Since a majority of the Council Fathers didn’t like this schema either, Pope John XXIII personally intervened. He scrapped it and appointed a new coordinating commission. This led to the writing of the Dogmatic Constitution on Divine Revelation, “Dei Verbum” (“Word of God”), promulgated on Nov. 18, 1965.

“Dei Verbum,” although neither novel nor dramatic, was a hotly debated document. It is “one of the two most fundamental documents produced by the Second Vatican Council,” wrote Father R.A.F. MacKenzie, SJ, in “The Documents of Vatican II.”

“This [document] is, in fact if not in name, the Second Vatican Council’s pronouncement on the Bible,” wrote Father MacKenzie.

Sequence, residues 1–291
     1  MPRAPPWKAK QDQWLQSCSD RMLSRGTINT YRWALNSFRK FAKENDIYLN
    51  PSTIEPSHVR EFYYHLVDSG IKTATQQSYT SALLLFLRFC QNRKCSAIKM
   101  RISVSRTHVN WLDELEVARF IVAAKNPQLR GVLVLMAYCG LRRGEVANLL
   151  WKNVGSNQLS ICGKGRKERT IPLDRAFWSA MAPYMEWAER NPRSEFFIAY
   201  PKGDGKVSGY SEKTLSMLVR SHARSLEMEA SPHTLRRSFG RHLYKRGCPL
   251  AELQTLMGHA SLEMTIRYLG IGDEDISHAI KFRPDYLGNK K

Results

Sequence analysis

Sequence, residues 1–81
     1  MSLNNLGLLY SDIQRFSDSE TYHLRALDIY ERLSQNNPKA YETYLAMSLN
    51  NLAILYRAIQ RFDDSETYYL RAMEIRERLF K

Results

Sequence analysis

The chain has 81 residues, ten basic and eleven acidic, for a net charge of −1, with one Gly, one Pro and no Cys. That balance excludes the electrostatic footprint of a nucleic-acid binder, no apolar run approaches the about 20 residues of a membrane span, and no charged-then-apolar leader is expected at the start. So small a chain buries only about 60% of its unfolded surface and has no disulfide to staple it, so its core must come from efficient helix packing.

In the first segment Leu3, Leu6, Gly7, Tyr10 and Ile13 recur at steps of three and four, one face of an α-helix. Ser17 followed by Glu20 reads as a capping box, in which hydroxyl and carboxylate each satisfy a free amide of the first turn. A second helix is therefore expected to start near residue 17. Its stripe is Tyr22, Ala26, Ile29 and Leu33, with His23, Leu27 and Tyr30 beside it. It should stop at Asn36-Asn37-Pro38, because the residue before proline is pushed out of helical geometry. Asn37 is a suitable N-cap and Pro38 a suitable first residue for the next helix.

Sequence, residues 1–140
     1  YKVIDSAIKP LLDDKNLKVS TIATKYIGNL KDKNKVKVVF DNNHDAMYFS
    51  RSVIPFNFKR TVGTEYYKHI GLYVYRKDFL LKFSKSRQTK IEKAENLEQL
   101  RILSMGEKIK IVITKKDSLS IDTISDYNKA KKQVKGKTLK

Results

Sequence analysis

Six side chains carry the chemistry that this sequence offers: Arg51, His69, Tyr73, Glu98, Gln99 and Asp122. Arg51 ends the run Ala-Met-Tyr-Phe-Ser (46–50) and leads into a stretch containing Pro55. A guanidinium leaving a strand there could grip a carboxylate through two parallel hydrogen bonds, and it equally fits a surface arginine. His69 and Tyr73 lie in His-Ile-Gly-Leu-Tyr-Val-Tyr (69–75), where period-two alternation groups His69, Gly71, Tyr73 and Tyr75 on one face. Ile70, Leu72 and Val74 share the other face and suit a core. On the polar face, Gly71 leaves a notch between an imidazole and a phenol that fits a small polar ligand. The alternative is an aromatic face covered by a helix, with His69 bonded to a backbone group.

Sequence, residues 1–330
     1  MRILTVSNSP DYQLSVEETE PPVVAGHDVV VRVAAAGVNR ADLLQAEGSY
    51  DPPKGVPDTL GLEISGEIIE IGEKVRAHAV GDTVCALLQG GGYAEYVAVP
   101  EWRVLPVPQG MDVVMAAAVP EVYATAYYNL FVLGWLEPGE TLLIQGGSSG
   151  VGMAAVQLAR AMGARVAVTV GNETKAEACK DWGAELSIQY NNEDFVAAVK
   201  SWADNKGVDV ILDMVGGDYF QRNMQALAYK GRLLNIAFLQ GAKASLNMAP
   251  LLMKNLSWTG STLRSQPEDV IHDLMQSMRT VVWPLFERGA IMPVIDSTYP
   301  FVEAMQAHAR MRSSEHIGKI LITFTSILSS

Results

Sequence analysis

But it’s more than that.

Divine revelation has one source — God — and is communicated to humankind by the church through two streams: sacred Scripture and sacred Tradition. “Dei Verbum” had something to say about each and how they work together.

Despite the importance of the Bible to the church, ‘Dei Verbum’ represents the first comprehensive teaching on God’s Revelation to humankind made by an ecumenical council in the church’s history,” wrote Father Robert Murray, SJ, in “Vatican II and the Bible.”

The times were ripe for such a document, said Father Michael Stubbs, pastor of Holy Cross Parish in Overland Park and Scripture columnist for The Leaven.

“In the years preceding the council, there had been a number of advances in Scripture scholarship,” said Father Stubbs. “The bishops felt there was a need to recognize those advances and to incorporate them into the life of the church.”